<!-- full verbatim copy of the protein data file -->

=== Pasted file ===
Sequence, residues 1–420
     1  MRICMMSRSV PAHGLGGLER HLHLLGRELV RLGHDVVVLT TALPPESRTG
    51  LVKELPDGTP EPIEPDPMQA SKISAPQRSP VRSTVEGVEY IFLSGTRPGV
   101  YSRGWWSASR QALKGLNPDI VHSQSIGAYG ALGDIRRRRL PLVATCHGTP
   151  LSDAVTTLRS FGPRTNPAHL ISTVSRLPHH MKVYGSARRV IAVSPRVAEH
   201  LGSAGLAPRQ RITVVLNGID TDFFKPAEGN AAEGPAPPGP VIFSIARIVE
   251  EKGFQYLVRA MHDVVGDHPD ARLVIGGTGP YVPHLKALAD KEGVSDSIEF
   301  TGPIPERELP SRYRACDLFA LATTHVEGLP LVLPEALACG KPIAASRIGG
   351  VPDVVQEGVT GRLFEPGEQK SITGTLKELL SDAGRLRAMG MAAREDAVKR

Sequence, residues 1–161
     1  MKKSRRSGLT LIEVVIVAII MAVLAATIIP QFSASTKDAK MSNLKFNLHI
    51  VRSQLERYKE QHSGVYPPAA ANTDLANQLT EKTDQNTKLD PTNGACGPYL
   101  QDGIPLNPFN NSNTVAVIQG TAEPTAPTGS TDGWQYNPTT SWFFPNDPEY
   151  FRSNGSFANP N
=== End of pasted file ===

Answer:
Sequence, residues 1–420
     1  MRICMMSRSV PAHGLGGLER HLHLLGRELV RLGHDVVVLT TALPPESRTG
    51  LVKELPDGTP EPIEPDPMQA SKISAPQRSP VRSTVEGVEY IFLSGTRPGV
   101  YSRGWWSASR QALKGLNPDI VHSQSIGAYG ALGDIRRRRL PLVATCHGTP
   151  LSDAVTTLRS FGPRTNPAHL ISTVSRLPHH MKVYGSARRV IAVSPRVAEH
   201  LGSAGLAPRQ RITVVLNGID TDFFKPAEGN AAEGPAPPGP VIFSIARIVE
   251  EKGFQYLVRA MHDVVGDHPD ARLVIGGTGP YVPHLKALAD KEGVSDSIEF
   301  TGPIPERELP SRYRACDLFA LATTHVEGLP LVLPEALACG KPIAASRIGG
   351  VPDVVQEGVT GRLFEPGEQK SITGTLKELL SDAGRLRAMG MAAREDAVKR

Sequence, residues 1–161
     1  MKKSRRSGLT LIEVVIVAII MAVLAATIIP QFSASTKDAK MSNLKFNLHI
    51  VRSQLERYKE QHSGVYPPAA ANTDLANQLT EKTDQNTKLD PTNGACGPYL
   101  QDGIPLNPFN NSNTVAVIQG TAEPTAPTGS TDGWQYNPTT SWFFPNDPEY
   151  FRSNGSFANP N